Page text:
Anytime there is a major free agent signing one of the first things talked about in the media is did the team pay the player too much? As always you will have people on both sides of the argument saying the team did or did not overpay the player, but the most important things to look at when you see a free agent signing that involves tons of money or lengthy years is…
How old is the player? What is their career stats? Playoff stats? And how have their statistics been recently in both regular season and post season? You also have to consider the depth of the free agent market and what other players of similar ability are getting money wise and length wise. So in our utter bliss of signing an NHL All Star, let’s stop,take a breath, and evaluate whether this was a free agent steal or a buyout waiting to happen.
The Blue Jackets signed Nathan Horton to a $37.1 million contract at a $5.3 Million cap hit per year for 7 years. The length is an immediate concern as Horton is 28 yrs old currently, although the contract is front end loaded and Horton will actually make the bulk of this money before he’s 34, he will still count as a $5.3 million cap hit until he’s 35 when his contract is up. Right away I didn’t personally like the length of the contract, especially with Horton’s injury history.
The next issue is to tackle is the money, $37.1 Million total, $5.3 million a year. Nathan Horton‘s career regular season statistics over 9 NHL Seasons are 591 games Played, 198 goals, 204 Assists, and 402 Points. His playoff stats in 2 NHL Post season appearances with the Bruins were 43 games Played, 15 Goals, 21 Assists and 36 points. A $5.3 cap hit per year with these stats and such a thin free agent market, I think this signing money wise was an absolute steal! Not to mention good power forwards aren’t exactly growing on trees these days.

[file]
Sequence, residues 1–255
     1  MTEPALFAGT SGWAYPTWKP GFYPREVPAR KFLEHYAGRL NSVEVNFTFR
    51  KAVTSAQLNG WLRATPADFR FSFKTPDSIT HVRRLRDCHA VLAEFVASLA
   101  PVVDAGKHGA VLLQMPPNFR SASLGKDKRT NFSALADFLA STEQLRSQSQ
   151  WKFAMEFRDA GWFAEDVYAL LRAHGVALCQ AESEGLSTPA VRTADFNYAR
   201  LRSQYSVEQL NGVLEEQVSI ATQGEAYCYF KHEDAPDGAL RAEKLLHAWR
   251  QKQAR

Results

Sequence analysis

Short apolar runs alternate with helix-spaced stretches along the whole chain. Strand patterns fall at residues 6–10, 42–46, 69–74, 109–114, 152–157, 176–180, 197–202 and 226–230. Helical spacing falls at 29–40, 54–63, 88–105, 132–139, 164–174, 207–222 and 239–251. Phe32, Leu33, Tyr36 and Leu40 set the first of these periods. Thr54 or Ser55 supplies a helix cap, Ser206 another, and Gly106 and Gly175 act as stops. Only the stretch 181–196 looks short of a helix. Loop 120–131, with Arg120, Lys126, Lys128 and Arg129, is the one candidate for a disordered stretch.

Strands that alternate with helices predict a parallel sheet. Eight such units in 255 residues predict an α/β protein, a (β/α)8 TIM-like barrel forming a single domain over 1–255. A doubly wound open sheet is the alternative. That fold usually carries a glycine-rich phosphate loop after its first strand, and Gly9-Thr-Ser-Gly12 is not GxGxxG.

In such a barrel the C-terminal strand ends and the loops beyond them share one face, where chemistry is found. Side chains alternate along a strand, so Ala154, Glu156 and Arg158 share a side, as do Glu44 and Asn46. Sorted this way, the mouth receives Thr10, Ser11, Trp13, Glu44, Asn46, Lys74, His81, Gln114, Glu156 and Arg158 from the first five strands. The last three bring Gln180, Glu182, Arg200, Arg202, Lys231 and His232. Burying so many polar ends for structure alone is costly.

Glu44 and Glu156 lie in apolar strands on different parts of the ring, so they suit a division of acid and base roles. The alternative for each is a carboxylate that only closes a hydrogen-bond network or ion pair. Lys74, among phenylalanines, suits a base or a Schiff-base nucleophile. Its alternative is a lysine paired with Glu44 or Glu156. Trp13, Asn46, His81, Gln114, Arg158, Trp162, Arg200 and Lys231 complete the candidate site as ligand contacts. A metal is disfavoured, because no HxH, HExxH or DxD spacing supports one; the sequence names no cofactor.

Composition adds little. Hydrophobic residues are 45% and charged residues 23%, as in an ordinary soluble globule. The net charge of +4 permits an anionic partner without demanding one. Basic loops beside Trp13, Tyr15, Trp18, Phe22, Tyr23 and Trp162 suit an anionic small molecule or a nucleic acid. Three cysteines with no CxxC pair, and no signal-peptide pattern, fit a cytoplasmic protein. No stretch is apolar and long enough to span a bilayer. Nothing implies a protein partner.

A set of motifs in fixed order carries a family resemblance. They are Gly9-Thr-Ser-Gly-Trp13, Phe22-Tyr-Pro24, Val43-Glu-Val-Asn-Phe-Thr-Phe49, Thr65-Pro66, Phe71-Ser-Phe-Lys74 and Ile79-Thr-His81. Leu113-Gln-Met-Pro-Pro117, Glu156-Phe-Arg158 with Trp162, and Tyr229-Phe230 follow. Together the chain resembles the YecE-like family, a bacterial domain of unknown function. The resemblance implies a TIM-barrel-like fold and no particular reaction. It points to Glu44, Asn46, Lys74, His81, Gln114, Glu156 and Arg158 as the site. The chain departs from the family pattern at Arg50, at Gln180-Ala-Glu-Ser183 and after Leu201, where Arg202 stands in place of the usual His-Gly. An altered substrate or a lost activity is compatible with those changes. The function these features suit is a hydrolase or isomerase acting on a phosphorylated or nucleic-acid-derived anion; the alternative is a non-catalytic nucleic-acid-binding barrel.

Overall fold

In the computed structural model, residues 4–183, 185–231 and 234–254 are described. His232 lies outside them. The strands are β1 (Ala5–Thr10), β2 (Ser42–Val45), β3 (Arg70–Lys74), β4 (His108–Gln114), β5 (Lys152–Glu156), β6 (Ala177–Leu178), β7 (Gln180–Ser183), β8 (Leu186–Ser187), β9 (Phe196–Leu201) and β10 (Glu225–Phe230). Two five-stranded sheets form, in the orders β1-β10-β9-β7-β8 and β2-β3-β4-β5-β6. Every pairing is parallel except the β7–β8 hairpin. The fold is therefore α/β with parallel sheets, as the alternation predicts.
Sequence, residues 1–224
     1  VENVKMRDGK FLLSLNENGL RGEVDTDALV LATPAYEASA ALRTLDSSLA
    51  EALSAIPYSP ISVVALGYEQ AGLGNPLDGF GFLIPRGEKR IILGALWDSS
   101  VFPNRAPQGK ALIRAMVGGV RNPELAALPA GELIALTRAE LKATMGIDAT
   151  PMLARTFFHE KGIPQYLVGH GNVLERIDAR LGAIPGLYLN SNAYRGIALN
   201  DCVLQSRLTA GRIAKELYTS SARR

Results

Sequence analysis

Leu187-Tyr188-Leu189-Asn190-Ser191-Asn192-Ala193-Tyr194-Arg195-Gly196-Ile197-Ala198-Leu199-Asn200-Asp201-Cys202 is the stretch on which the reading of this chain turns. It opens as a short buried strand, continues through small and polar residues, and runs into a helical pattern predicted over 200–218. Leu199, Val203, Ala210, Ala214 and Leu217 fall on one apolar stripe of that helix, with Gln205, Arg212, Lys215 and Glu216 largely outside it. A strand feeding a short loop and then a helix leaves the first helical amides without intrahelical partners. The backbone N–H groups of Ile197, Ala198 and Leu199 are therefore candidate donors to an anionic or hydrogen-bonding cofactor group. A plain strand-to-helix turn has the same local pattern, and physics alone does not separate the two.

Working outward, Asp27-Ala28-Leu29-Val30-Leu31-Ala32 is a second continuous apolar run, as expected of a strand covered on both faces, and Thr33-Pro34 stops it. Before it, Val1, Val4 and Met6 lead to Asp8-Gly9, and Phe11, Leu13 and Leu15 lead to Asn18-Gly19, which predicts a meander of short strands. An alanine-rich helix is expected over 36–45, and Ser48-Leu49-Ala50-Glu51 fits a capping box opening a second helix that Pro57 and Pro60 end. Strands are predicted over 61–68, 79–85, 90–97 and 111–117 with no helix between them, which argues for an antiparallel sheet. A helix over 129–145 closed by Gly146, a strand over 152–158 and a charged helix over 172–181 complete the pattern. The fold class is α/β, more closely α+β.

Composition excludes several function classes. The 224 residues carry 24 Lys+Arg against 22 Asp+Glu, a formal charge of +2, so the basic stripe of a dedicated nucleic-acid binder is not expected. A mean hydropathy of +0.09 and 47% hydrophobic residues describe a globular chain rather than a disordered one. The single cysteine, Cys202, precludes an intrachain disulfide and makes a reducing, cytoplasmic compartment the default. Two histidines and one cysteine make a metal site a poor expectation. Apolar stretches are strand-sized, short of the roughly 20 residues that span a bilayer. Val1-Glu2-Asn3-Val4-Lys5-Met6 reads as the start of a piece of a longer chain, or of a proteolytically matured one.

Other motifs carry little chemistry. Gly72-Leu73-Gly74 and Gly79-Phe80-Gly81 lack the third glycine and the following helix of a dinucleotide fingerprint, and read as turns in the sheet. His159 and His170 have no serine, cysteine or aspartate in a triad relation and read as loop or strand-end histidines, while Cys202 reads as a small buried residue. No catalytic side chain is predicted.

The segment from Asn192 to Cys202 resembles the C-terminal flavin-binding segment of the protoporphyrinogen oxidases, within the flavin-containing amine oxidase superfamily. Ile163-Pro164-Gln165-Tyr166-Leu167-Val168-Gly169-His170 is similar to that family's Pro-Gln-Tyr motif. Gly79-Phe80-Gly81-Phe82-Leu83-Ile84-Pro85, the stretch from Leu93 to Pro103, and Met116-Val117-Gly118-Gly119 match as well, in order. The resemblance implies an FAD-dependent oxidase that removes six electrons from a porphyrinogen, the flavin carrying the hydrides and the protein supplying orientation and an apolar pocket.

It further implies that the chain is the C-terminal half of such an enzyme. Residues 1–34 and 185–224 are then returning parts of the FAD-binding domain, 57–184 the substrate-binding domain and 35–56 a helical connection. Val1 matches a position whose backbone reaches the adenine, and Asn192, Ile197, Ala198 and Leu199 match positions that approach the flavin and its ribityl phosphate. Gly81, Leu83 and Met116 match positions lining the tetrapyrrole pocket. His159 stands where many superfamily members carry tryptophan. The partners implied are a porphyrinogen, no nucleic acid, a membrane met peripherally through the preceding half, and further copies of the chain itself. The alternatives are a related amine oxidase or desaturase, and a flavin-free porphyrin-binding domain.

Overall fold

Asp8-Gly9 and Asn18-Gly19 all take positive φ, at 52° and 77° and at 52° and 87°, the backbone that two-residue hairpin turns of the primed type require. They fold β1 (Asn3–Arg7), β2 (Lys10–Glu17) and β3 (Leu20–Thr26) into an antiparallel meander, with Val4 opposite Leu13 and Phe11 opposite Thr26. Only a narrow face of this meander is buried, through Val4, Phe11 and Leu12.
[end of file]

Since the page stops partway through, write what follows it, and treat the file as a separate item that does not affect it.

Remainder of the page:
Don’t believe me? Lets look at the Leafs signing of David Clarkson. Clarkson is a year older than Horton, 29, and his career regular season stats over 7 NHL Seasons are 426 Games Played, 97 Goals, 73 Assists, and 170 Points. While his post season stats in 5 Playoff appearances with the Devils are 44 Games Played, 5 Goals, 9 Assists and 14 Points. It should also be pointed out that Clarkson hasn’t had Horton’s injury history, and did outproduce him the last two seasons, but has also not being nearly as effective in the playoffs. Clarkson got a nearly identical contract to Horton from the Toronto Maple Leafs signing a $36.75 million contract over 7 yrs at a $5.25 cap hit per year.
So basically the Blue Jackets got a player with double the regular season stats, double the playoff stats and a year younger than a player that got virtually the same contract. The contract length for both teams is a concern, as both players will count as a high cap hit as they would be expected to be out of their prime by the last 2 years of their respective contracts (see: Vincent Lecavalier).
With free agency comes competition, if Columbus hadn’t given Horton 7 yrs, someone would have, same with Toronto and Clarkson. As far as the money goes, Horton was a bargain, and as far as the years go it was a necessary evil. I do however find it curious that while watching the TSN Free Agency Special on NHL Network, that even though TSN analysts complimented Columbus on the signing, they were critical of the length, just as I am, but when Toronto signed Clarkson, they weren’t critical of the length at all. Maybe they’re just looking at different statistics than I am?
- Nathan Horton
- Age 28
- Career Regular Season Stats- GP:591, Goals:198, Assists:204, Points: 402
- Career Post Season Stats- GP:43, Goals:15, Assists:21, Points:36
- Total Contract: $37.1 Million For 7 Yrs
- Cap Hit Per Year: $5.3 Million
- David Clarkson
- Age 29
- Career Regular Season Stats- GP:426, Goals:97, Assists:73, Points:170
- Career Post Season Stats- GP:44, Goals:5, Assists:9, Points:14
- Total Contract: $36.75 Million For 7 yrs
- Cap Hit Per Year: $5.25 Million.
I think we know who the clear winner of free agency was.